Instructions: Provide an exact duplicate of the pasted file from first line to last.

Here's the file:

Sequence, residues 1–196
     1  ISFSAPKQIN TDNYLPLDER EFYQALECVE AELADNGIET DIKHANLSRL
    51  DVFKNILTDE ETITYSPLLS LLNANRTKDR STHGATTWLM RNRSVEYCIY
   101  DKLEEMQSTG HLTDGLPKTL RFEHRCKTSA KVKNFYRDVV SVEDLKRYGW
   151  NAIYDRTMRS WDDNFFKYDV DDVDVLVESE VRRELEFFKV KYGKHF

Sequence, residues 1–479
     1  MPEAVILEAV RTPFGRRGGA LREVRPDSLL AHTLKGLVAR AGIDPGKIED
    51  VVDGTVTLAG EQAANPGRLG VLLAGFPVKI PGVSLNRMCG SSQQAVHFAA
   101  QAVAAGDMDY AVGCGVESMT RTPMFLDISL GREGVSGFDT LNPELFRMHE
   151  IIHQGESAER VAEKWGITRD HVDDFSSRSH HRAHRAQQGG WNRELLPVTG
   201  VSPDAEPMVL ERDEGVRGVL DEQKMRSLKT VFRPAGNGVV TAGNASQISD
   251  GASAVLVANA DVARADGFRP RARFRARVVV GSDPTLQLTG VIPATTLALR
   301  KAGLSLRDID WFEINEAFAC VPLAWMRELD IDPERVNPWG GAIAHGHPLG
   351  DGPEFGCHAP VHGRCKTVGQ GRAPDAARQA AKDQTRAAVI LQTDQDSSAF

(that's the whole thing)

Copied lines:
Sequence, residues 1–196
     1  ISFSAPKQIN TDNYLPLDER EFYQALECVE AELADNGIET DIKHANLSRL
    51  DVFKNILTDE ETITYSPLLS LLNANRTKDR STHGATTWLM RNRSVEYCIY
   101  DKLEEMQSTG HLTDGLPKTL RFEHRCKTSA KVKNFYRDVV SVEDLKRYGW
   151  NAIYDRTMRS WDDNFFKYDV DDVDVLVESE VRRELEFFKV KYGKHF

Sequence, residues 1–479
     1  MPEAVILEAV RTPFGRRGGA LREVRPDSLL AHTLKGLVAR AGIDPGKIED
    51  VVDGTVTLAG EQAANPGRLG VLLAGFPVKI PGVSLNRMCG SSQQAVHFAA
   101  QAVAAGDMDY AVGCGVESMT RTPMFLDISL GREGVSGFDT LNPELFRMHE
   151  IIHQGESAER VAEKWGITRD HVDDFSSRSH HRAHRAQQGG WNRELLPVTG
   201  VSPDAEPMVL ERDEGVRGVL DEQKMRSLKT VFRPAGNGVV TAGNASQISD
   251  GASAVLVANA DVARADGFRP RARFRARVVV GSDPTLQLTG VIPATTLALR
   301  KAGLSLRDID WFEINEAFAC VPLAWMRELD IDPERVNPWG GAIAHGHPLG
   351  DGPEFGCHAP VHGRCKTVGQ GRAPDAARQA AKDQTRAAVI LQTDQDSSAF